In January 1944, the Red Army crossed the old border between the Soviet Union and Poland. The subsequent victories over Hitler’s troops guaranteed the restoration of Moscow’s jurisdiction over the western borderlands: the Baltic States, Belarus, Ukraine, Bessarabia, Northern Bukovina, and Transcarpathia. As a result, many Orthodox hierarchs and a great number of priests and laymen emigrated from these territories. Most of them joined the Karlovci Synod of Metropolitan Anastasii, which found asylum in Munich; others preferred to establish their own national Orthodox churches (e.g., the Estonian Orthodox Church-in-exile). Meanwhile, the Moscow Patriarchate took care of the Orthodox population in the provinces returned to Soviet control. It consecrated and appointed new bishops for their ecclesiastical administration. 1 The Bishop of Ostrog, Simon (Ivanovskii), who was among the few hierarchs who remained after the Nazi withdrawal, was called to Moscow and elevated to the rank of archbishop. 2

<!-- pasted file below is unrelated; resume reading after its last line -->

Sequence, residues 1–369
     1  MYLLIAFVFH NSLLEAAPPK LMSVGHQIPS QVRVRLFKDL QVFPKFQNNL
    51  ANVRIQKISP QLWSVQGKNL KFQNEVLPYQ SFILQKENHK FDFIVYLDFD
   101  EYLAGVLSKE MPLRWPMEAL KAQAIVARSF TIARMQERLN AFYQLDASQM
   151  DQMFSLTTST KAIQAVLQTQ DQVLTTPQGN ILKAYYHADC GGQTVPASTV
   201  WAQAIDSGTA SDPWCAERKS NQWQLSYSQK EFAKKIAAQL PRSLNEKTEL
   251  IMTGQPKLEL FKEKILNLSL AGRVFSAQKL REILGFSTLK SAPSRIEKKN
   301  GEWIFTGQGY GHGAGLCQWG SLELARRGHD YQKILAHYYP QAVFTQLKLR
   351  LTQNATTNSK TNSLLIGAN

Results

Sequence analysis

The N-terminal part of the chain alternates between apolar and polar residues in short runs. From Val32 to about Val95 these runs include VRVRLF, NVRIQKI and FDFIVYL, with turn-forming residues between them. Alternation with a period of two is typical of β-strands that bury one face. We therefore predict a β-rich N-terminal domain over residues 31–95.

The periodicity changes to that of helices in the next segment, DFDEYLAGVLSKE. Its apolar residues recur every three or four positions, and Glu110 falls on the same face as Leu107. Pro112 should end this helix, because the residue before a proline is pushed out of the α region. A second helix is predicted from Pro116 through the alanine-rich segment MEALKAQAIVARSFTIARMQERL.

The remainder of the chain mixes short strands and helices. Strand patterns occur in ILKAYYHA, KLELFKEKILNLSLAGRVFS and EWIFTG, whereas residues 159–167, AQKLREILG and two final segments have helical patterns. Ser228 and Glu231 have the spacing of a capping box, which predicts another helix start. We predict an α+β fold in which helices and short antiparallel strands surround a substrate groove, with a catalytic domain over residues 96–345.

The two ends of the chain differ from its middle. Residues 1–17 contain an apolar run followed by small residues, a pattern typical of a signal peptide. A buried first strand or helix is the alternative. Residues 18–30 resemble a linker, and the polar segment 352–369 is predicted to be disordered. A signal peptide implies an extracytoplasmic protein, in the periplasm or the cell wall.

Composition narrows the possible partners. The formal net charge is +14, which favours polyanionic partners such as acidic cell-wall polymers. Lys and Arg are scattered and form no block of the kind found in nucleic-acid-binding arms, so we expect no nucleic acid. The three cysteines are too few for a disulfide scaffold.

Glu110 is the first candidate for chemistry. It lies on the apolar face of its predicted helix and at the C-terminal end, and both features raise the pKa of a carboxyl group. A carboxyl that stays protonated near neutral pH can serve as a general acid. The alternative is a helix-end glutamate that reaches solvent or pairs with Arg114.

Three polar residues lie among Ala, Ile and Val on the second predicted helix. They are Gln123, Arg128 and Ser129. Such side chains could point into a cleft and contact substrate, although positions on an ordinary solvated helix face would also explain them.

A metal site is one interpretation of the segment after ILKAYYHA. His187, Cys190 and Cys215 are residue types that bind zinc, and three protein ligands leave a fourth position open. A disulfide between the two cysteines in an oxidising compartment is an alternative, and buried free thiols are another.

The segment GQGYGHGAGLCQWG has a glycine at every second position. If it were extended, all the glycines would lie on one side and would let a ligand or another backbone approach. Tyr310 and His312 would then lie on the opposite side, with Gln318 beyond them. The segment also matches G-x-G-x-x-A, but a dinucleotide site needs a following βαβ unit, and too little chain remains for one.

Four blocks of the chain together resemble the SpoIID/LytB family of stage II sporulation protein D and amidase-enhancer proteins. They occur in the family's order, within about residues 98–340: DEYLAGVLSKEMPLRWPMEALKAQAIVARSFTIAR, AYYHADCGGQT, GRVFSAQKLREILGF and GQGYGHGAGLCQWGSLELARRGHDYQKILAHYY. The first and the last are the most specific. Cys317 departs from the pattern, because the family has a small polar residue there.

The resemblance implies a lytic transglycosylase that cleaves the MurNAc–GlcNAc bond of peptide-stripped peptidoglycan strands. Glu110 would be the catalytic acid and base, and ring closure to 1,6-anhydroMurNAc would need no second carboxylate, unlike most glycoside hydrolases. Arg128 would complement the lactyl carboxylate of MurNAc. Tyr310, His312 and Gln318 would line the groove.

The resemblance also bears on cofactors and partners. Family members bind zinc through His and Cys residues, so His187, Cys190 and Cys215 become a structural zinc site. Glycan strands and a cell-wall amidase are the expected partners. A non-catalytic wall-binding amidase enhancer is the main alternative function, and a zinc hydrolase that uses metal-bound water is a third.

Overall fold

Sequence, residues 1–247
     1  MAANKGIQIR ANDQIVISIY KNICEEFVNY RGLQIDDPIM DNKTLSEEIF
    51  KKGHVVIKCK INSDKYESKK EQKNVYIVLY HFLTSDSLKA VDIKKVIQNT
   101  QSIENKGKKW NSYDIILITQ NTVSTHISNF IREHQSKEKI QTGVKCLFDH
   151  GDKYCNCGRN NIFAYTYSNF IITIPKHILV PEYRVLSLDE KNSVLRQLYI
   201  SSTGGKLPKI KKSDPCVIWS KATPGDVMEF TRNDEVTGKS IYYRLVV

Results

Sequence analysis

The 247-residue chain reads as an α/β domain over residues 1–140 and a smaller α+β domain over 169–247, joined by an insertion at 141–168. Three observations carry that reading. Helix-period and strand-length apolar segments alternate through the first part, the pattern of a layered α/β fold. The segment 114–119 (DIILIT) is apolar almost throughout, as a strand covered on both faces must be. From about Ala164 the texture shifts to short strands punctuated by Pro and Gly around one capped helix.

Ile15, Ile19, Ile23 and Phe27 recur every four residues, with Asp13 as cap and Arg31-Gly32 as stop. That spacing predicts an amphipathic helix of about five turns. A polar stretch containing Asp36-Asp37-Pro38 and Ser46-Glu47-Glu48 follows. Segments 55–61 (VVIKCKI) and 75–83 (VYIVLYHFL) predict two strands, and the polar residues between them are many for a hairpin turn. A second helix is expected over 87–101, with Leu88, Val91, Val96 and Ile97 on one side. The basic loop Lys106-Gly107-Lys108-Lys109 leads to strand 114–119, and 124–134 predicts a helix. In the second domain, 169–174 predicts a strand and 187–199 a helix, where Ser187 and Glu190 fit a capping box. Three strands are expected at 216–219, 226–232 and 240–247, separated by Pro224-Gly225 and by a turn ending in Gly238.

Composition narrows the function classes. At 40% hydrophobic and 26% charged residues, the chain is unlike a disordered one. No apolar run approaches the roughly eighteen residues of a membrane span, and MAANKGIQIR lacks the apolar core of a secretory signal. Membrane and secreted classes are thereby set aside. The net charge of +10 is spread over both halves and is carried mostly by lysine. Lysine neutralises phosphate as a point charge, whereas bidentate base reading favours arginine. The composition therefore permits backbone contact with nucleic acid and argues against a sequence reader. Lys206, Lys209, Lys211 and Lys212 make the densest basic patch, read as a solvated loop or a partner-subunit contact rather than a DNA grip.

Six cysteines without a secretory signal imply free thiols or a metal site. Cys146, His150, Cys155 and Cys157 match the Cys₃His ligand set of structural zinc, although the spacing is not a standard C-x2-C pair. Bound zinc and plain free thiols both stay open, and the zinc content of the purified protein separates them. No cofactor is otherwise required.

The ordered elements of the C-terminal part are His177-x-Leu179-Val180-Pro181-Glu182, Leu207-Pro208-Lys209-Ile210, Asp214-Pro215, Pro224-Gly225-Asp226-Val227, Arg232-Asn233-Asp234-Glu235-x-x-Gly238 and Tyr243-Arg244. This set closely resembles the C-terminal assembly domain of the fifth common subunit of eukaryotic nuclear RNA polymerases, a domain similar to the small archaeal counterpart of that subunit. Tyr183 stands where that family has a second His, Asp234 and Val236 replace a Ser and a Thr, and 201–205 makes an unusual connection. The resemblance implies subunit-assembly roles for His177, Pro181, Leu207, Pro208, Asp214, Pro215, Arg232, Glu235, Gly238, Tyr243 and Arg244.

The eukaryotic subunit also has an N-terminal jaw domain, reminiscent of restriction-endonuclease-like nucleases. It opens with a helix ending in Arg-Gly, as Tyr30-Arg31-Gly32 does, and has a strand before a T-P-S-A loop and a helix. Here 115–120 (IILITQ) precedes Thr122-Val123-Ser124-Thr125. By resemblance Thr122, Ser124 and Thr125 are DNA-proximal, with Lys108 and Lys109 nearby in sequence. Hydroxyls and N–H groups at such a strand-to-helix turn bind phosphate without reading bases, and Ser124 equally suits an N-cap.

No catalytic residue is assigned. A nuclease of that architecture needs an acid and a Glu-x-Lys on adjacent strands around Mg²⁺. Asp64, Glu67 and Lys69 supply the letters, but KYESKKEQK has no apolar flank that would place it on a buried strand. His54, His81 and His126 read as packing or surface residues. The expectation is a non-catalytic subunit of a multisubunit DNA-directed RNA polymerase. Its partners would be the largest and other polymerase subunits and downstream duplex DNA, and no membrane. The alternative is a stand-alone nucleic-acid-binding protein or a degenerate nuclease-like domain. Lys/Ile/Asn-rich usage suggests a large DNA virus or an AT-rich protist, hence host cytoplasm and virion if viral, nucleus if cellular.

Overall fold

This expansion of the Moscow Patriarchate touched not only Orthodox believers but also Greek rite Catholics or “Uniates,” as they were called by the Soviet authorities. Stalin’s policy of the “extended sword” included “persecution and institutional absorption of the Uniate Church throughout Soviet controlled or annexed Eastern Europe: West Ukraine, West White Russia, Romania, CarpathoUkraine, Czechoslovakia, and Poland.” 3 In a similar way, in 1949 the Uniate Church in Transcarpathia was “reunited” with the local Orthodox Church that was then under Moscow’s jurisdiction. The same happened with Slovakia in 1951.